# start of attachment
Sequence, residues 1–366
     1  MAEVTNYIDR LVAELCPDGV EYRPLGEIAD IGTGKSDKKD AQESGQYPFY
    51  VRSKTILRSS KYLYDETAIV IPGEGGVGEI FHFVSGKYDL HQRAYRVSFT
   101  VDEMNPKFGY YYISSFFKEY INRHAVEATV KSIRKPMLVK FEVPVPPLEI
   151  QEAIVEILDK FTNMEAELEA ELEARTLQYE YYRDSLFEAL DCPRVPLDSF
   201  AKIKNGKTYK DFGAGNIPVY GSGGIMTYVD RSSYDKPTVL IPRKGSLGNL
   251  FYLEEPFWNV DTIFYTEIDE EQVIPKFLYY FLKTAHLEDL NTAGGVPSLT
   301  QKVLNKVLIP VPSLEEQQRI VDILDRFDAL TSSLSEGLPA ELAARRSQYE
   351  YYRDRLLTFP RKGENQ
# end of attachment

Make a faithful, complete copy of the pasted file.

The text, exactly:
Sequence, residues 1–366
     1  MAEVTNYIDR LVAELCPDGV EYRPLGEIAD IGTGKSDKKD AQESGQYPFY
    51  VRSKTILRSS KYLYDETAIV IPGEGGVGEI FHFVSGKYDL HQRAYRVSFT
   101  VDEMNPKFGY YYISSFFKEY INRHAVEATV KSIRKPMLVK FEVPVPPLEI
   151  QEAIVEILDK FTNMEAELEA ELEARTLQYE YYRDSLFEAL DCPRVPLDSF
   201  AKIKNGKTYK DFGAGNIPVY GSGGIMTYVD RSSYDKPTVL IPRKGSLGNL
   251  FYLEEPFWNV DTIFYTEIDE EQVIPKFLYY FLKTAHLEDL NTAGGVPSLT
   301  QKVLNKVLIP VPSLEEQQRI VDILDRFDAL TSSLSEGLPA ELAARRSQYE
   351  YYRDRLLTFP RKGENQ